D. Murali

TAX journals usually gather dust in many a professional's office, and it is not uncommon to find many issues of these stacked up in a wrapped state, just the way they were delivered by the postman months ago. For the curious, however, there are many interesting cases such as the ones I found during a dull break this weekend.

Take the case of Ibex Gallagher that went to the Bangalore tribunal recently. The company manufactures `solar powered electric power fence system', using "energiser, neon tester, tool kit, battery charger" and so forth. As you know, such a fence "wards off animals and unwanted elements entering into the property." So, we'd cautiously stay away from the fence, but the taxman ventured to go a bit closer to ask Ibex, if the fence was movable or immovable.

Ibex said that the fence was not a movable property because it comes into existence only on its erection on the earth as fencing, or on the parapet wall where the thing is mounted and fixed.

Excise officials felt that the fence was a movable property, possibly after trying to move it when power was off, and so demanded a duty of Rs 3 lakh and a penalty of Rs 5 lakh. Ibex pleaded that it was a small-scale company and had made "a marginal profit of Rs 8 lakh" and so it was not possible to pay up the high sum asked for. Moreover, the company said that there was no intention to evade duty.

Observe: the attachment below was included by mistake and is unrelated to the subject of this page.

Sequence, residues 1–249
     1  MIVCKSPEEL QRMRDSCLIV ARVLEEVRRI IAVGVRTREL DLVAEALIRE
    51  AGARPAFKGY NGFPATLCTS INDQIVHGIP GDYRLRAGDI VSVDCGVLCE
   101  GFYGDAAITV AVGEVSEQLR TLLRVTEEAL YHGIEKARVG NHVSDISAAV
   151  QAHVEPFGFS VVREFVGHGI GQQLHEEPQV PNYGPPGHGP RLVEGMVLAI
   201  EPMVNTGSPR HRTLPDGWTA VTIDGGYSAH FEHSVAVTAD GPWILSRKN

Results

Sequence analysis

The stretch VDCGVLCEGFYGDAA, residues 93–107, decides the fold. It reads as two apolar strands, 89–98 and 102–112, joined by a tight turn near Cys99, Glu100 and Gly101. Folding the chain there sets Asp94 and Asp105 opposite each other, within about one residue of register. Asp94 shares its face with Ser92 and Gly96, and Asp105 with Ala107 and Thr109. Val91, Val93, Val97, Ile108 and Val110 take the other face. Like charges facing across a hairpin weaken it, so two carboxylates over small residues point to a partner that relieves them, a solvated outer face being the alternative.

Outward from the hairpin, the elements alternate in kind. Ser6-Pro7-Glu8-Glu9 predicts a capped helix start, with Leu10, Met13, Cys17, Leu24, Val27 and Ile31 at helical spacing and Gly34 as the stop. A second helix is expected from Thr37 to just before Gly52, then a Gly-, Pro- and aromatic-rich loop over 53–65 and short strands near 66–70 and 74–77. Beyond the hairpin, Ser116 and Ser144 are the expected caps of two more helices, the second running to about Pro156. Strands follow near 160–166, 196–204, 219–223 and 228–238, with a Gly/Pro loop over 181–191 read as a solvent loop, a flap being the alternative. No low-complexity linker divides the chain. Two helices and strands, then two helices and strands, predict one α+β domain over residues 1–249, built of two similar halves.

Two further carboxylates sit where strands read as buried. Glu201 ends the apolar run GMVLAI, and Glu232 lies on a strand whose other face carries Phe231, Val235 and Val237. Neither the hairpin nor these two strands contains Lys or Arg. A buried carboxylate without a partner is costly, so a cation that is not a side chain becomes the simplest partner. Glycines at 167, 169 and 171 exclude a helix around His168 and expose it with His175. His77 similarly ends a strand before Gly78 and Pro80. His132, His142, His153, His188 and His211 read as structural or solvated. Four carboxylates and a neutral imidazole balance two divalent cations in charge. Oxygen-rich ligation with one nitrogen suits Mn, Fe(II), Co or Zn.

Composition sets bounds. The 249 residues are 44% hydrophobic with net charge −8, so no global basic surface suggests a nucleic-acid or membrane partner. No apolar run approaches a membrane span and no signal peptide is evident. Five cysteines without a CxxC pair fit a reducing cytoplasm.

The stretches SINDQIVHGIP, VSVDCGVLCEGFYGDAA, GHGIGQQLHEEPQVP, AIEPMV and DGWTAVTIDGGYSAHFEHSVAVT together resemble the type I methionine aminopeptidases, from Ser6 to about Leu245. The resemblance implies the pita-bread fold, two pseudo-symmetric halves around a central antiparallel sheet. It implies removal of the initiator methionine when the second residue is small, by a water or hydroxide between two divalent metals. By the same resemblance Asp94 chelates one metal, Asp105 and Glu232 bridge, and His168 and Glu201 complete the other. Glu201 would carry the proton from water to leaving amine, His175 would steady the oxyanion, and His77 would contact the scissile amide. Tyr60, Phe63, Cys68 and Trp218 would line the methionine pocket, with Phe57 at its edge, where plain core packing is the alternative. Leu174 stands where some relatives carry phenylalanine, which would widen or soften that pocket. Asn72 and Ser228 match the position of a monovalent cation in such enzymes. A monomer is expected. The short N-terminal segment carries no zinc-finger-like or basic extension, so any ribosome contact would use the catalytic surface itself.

Even as the taxman insisted that the company markets the item as a movable fence, the tribunal perused the photographs and found that "the fence was totally fixed to the walls in some cases and in other cases it was fixed on strong poles which are embedded in earth."

Another case was of B.R. Traders that had to argue with excise officials in Meerut about carbon paper. While the company said its goods were interleaved carbon sets usable as computer stationery, the taxman was adamant that the item in question was a simple carbon paper and therefore classifiable accordingly.

Perhaps, one may have to carbon-date the taxman's knowledge, but let me move on to yet another case - a sensational one that the Chennai tribunal had to decide upon. Facts of the case read like a thriller: "On September 3, 1995, at 15:45 hours 18 baskets of live crabs... for export to Singapore by air were lying at Indian Airlines security clearance area." It seems that the airport officials noticed six brown paper packets among the live crabs in basket No. 7.

Thereafter, the remaining 17 baskets were opened and inspected; they contained `live mud crabs' as declared in the shipping bill. But the mysterious basket number seven had, in the paper packets, assorted foreign currencies and travellers' cheques equivalent to Rs 2.7 crore. "Handwritten slips all showing numbers 786 on the top and bearing names `Bulls' and `R.Boy' (written in Tamil) in tow of the slips and a sign `#' on the third slip were also recovered" from the packets...

"Have you ever watched a crab on the shore crawling backward in search of the Atlantic Ocean, and missing?" asks H.L. Mencken, and adds, "That's the way the mind of man operates." Well, that's how currency was supposed to have disappeared along with the crabs. But here is a caveat that Bill Meyer issues: "Every thought is a seed. If you plant crab apples, don't count on harvesting Golden Delicious."


(This article was published in the Business Line print edition dated June 26, 2005)
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